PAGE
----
Israel's 'victories' in Gaza come at a steep price
The Jewish ethical tradition means embracing Palestinians, too.
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According to the Associated Press, the three-day death toll rose to at least 370 by Tuesday morning, with some 1,400 wounded. The UN said at least 62 of the dead were civilians. A Palestinian health official said that at least 22 children under age 16 were killed and more than 235 children have been wounded.Skip to next paragraph
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In nearly 25 years of involvement with Gaza and Palestinians, I have not had to confront the horrific image of burned children – until today.
Yet for Palestinians it is more than an image, it is a reality, and because of that I fear something profound has changed that will not easily be undone. For how, in the context of Gaza today, does one speak of reconciliation as a path to liberation, of sympathy as a source of understanding? Where does one find or even begin to create a common field of human undertaking (to borrow from the late, acclaimed Palestinian scholar, Edward Said) so essential to coexistence?
It is one thing to take an individual's land, his home, his livelihood, to denigrate his claims, or ignore his emotions. It is another to destroy his child. What happens to a society where renewal is denied and all possibility has ended?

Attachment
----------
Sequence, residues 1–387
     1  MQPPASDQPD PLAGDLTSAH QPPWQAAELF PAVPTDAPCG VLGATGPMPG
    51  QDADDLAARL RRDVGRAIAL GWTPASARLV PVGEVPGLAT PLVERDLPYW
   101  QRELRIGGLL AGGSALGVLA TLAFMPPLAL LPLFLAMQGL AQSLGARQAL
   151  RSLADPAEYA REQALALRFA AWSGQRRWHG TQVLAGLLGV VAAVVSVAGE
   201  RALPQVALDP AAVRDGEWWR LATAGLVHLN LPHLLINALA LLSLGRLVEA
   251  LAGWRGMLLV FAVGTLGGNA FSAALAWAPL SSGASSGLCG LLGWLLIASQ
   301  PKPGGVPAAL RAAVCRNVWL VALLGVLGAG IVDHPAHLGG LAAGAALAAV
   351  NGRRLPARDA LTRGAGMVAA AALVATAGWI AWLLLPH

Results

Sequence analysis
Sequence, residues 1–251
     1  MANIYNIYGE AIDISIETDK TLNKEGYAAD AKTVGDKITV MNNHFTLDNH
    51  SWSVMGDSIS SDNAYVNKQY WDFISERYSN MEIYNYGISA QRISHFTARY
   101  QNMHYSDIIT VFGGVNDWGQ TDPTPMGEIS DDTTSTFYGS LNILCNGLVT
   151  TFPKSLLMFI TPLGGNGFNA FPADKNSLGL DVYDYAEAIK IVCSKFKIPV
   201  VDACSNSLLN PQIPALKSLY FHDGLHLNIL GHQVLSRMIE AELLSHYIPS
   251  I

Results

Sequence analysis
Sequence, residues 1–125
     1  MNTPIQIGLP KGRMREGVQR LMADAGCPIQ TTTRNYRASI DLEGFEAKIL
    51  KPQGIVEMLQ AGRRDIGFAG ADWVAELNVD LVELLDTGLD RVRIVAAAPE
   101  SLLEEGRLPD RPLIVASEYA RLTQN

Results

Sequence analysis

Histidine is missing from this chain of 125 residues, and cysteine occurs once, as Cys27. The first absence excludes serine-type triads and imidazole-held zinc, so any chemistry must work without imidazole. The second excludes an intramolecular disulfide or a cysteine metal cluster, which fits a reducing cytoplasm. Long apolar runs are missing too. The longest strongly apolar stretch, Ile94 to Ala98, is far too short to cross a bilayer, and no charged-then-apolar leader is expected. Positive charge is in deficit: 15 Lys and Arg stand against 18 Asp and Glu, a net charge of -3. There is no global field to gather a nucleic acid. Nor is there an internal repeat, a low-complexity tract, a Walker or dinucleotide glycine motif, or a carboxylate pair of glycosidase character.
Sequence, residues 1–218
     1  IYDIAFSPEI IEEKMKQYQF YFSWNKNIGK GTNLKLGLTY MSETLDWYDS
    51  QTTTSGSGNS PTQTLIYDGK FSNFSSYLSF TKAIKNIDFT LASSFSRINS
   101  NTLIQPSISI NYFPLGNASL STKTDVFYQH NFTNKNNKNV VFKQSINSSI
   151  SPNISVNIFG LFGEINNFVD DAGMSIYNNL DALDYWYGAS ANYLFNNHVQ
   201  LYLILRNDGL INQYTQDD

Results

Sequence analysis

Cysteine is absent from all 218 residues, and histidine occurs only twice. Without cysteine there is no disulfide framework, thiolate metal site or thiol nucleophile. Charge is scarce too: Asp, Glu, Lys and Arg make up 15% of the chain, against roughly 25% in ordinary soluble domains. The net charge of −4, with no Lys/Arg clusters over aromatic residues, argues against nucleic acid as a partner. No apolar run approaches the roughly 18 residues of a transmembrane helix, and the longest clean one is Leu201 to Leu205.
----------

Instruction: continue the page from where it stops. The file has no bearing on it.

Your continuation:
And what will happen to Jews as a people whether we live in Israel or not? Why have we been unable to accept the fundamental humanity of Palestinians and include them within our moral boundaries? Rather, we reject any human connection with the people we are oppressing. Ultimately, our goal is to tribalize pain, narrowing the scope of human suffering to ourselves alone.
Our rejection of "the other" will undo us. We must incorporate Palestinians and other Arab peoples into the Jewish understanding of history, because they are a part of that history. We must question our own narrative and the one we have given others, rather than continue to cherish beliefs and sentiments that betray the Jewish ethical tradition.
Jewish intellectuals oppose racism, repression, and injustice almost everywhere in the world and yet it is still unacceptable – indeed, for some, it's an act of heresy – to oppose it when Israel is the oppressor. This double standard must end.
Israel's victories are pyrrhic and reveal the limits of Israeli power and our own limitations as a people: our inability to live a life without barriers. Are these the boundaries of our rebirth after the Holocaust?
As Jews in a post-Holocaust world empowered by a Jewish state, how do we as a people emerge from atrocity and abjection, empowered and also humane? How do we move beyond fear to envision something different, even if uncertain?
The answers will determine who we are and what, in the end, we become.
Sara Roy is a senior research scholar at the Center for Middle Eastern Studies, Harvard University, and the author, most recently, of "Failing Peace: Gaza and the Palestinian-Israeli Conflict."